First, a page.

“Meet the Team” is an ongoing series that features the different roles at Antidot-Fluid Topics. This is the first post in this new series.
Ever wondered what it’s like to be Head of Technical Documentation & Training at a fast-growing SaaS company? We sat down with Rémi Bove to reflect on his journey at Antidot-Fluid Topics.
Hi Rémi! Tell me, when did you join Antidot/Fluid Topics? and why?
I joined Antidot almost 13 years ago. At the time, Fluid Topics, our flagship product, didn’t exist.
I was a part-time teacher at the Aix-Marseille University Faculty of Sciences. I was at a point in my career where I just wanted to work more. One of my friends was working at Antidot and introduced me to Stéphane Loesel, founder and CTO at Antidot. He offered me a part-time position.
After a year, Stéphane ended up offering me a full-time position in Lambesc, near Aix-en-Provence. I started as an Engineering Consultant. My role was halfway between Professional Services and Customer Services.
What I really liked during my time at university was to teach, so after 3 years I took on the full-time role of Technical Consultant/Training Manager. My job was to design all the training materials for our solutions.
I finally took on the position of Head of Product Documentation and Training about 4 years ago.
What does a typical day involve?
Undeniably, there are some commonalities from day to day but what happens during the day varies so much that it isn’t typical. And that’s what I love about my job.
Here is how I could sum up my key responsibilities:
- Lead and develop a team of 2 people
- Overview the creation and management of all customer-facing online technical content, ensuring it’s always up to date (we release new features every week!)
- Create and maintain trainings for our clients and partners
- Provide the necessary training to our new employees
- Collaborate regularly with other stakeholders in Software Development, Product, IT…
Could you describe your team?
As mentioned previously, I lead a team of technical writers and software testers. Leanna has been a technical writer at Fluid Topics for over 2 years now and she owns the process of creating and managing our technical documentation. She’s actually one of our main users. She knows the product through and through.
Anaïs has been with us for over a year and a half now. Her role is to create tests for our software product. It’s fairly unusual to have a software tester in a documentation team but we realized it was beneficial to work this way. When writing tests, you need to know the product and in the doc team we’re usually the first to know about new features.
Our team is called the Product Knowledge team. I thought it would make more sense than the Tech Doc team as our main goal is to know everything there is about the product.
What did you study to get to where you are?
I have a PhD in Natural Language Processing. It mixes two disciplines, linguistics and computer science. My research focused on spoken French parsing, for speech recognition and synthesis. You can find my thesis (in French) “Analyse syntaxique automatique de l’oral : étude des disfluences” right here.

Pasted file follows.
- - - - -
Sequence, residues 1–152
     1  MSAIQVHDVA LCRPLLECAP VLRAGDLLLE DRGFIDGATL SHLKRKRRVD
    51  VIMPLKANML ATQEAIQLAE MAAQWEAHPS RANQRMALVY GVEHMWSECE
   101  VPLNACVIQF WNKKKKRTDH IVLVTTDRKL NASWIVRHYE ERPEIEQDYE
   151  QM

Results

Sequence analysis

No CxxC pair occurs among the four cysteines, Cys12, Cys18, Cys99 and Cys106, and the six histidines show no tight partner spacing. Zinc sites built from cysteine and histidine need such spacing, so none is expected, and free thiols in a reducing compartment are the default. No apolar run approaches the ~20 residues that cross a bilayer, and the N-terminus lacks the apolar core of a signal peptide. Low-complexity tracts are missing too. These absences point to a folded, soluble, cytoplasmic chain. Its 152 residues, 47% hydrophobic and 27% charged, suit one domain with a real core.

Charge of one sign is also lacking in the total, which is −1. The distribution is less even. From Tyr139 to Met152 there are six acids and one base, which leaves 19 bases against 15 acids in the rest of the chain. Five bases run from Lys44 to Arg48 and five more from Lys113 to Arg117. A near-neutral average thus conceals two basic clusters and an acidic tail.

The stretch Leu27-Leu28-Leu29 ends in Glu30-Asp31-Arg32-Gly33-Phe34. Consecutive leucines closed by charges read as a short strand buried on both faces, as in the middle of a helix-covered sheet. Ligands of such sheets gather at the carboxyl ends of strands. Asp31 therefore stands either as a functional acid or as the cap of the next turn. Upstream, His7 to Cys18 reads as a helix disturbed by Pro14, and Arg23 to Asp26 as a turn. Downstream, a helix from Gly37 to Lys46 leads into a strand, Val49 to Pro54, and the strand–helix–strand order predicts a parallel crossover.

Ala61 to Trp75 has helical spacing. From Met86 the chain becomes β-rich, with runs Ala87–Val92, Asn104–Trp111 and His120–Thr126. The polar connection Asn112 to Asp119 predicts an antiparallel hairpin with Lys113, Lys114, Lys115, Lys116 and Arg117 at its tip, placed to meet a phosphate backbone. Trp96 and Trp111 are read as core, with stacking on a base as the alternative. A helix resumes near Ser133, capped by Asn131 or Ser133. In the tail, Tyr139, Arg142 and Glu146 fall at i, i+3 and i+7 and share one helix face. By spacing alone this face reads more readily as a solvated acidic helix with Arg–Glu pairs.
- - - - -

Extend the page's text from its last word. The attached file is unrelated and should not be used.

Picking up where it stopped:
I wasn’t thinking about getting into technical documentation or software training back then. I enjoyed teaching. In a way, the skills I learned while teaching help me in my daily work.
What’s the most enjoyable part of your job?
As part of my job, I get to work on a lot of different tasks. Today, I have my interview with you, then I’m catching up with Research team, then SRE followed by some management tasks…It’s pretty diverse.
I didn’t really know anything about management before and I really love it but I wouldn’t want to lose the technical aspect of my job. I enjoy learning new things.
What has your proudest achievement been since you’ve been here?
A few years ago, I was training a client whose teams were based in the US and in India. Time zone wise, it was a bit complicated since I’m based in France.
The training took place at night. After the last “night” of training, I went to bed at 4am and when I woke up later the next day, I had received several messages from my teammates congratulating me on the training. Little did I know that Fabrice, our CEO, had transferred an email he had received from our client, to the whole company, thanking me for an excellent job done, highlighting how his teams were now autonomous to use the product.
I felt proud of my work that day.
Have you got any tips on how to become a great documentation/training specialist?
The first thing that pops to mind is, you need to be curious, almost to the point of being obsessed (with your product).
You need to practice, test, experiment with that product. This is the reason why when I create trainings, I also design practical cases and invite new users to really play with the tool. Benjamin Franklin said: “Tell me and I forget. Teach me and I remember. Involve me and I learn,” and I really live by this saying.
You also need to pay attention to details. This is the difference between good documentation and bad documentation. I’ve already read documentation where at the end, what you were supposed to do just didn’t work.
Last but not least and this is going to sound obvious but it’s worth repeating: you need to make sure you know who you’re addressing and adapt your speech to your audience.
And finally, tell us something unique about yourself?
I’m a former long jumper! Track and Field is a sport I’ve practiced for 25 years and I still enjoy it today!